You’ve bought into social prospecting.
You’ve found that museum opening/charity gala/country club cocktail reception that attracts the movers and shakers. There are about 200 of them in the room! You’ve read all about becoming part of their world. It’s time wade in, “grip and grin” and make those social contacts.
It makes lots of sense to survey the landscape, determine who’s there and how they are behaving.
1. In the room vs. in the mood
An advisor in Northern California explained everyone in attendance is not necessarily supporting the event. Let’s assume it’s a museum opening sponsored by a major bank. The bank president might be on the museum board. Lots of the other folks in dark suits may be there because they were press ganged into it. This isn’t their first choice of activity. Someone else might be present because their spouse is heavily involved. He would rather be watching sports on TV. These folks are in the room. The bank president is in the mood.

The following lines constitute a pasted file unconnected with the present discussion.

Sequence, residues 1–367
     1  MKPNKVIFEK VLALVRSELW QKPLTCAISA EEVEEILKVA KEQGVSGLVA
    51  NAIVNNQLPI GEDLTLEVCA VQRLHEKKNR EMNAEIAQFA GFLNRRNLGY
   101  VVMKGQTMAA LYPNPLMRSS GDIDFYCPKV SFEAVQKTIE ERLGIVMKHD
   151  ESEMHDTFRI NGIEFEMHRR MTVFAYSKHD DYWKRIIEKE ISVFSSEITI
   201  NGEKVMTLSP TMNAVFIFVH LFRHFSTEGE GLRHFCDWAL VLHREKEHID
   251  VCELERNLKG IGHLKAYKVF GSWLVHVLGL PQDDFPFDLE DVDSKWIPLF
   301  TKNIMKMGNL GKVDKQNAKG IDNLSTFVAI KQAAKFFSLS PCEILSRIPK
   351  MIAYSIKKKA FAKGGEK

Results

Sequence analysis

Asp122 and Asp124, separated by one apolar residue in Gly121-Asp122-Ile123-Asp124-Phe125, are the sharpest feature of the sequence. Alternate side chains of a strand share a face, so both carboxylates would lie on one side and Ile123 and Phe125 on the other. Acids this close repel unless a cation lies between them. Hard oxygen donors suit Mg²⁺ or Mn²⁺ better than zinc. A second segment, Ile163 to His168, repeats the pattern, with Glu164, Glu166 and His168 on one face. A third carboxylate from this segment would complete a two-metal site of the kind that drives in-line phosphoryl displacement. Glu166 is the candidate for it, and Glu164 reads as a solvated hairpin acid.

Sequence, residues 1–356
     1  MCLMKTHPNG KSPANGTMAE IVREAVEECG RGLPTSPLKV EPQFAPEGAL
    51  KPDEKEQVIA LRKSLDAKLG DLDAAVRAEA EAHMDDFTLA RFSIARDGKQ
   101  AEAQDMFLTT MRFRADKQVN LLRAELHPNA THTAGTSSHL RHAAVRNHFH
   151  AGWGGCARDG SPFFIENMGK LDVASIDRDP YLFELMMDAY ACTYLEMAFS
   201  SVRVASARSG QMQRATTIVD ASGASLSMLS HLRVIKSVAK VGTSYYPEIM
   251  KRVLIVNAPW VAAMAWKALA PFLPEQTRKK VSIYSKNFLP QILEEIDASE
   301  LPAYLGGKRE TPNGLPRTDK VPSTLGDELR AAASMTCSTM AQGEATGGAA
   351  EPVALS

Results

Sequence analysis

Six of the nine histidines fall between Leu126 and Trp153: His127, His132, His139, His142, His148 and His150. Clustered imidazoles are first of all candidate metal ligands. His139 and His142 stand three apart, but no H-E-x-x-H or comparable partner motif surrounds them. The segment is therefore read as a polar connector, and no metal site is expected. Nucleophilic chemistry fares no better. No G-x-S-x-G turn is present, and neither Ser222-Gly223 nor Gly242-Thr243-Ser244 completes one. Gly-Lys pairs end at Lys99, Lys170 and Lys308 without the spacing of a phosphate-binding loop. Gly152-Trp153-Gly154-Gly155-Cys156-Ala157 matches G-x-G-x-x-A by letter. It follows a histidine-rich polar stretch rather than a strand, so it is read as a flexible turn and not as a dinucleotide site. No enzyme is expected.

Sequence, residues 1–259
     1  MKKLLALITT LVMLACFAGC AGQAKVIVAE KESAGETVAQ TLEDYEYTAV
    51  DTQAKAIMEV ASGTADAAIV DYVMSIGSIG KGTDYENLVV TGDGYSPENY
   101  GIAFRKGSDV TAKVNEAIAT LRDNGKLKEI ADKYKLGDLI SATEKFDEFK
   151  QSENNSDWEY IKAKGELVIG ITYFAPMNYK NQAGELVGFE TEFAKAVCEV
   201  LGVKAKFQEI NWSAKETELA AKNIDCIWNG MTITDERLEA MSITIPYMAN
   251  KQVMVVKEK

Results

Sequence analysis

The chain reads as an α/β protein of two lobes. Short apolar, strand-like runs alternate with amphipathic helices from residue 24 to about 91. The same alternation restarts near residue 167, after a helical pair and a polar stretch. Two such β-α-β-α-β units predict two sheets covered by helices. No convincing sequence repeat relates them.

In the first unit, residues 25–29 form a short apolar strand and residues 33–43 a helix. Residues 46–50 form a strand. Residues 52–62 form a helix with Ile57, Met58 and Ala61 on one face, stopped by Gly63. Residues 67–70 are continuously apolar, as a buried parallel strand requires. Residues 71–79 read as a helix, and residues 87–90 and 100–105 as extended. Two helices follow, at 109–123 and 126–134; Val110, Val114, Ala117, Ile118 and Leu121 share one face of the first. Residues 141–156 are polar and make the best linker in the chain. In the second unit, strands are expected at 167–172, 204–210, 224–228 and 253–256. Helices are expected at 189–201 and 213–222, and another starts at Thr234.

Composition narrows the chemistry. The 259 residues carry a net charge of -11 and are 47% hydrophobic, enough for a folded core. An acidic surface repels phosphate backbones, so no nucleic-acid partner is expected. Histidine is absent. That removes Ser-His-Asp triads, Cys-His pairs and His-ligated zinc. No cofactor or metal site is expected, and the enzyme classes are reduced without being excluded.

Tip: If they keep looking at their watch, they are probably an “in the room” person. Try to find some “In the mood” people.
2. How are they dressed?
Most of us wear the business uniform. People judge us by appearance. The Devil Wears Prada had a great line: “Dress for the job you want, not the job you have.” Don’t write off casually dressed folks too quickly, especially on the West Coast. They may be wearing jeans and a blue blazer because they are relaxed and aren’t too concerned about fitting in.
Tip: Try to recognize the movers and shakers you want to meet. Spend some time with the well dressed, casual folks too.
3. What are they talking to?
That smartly dressed person – they are making the rounds. That might be the host of the party, sponsor of the show or executive director of the museum welcoming guests, making them feel at home. Stand in the right place and they may come to you.
Tip: If your sixth sense tell you this is probably your host, tactfully put yourself in their path.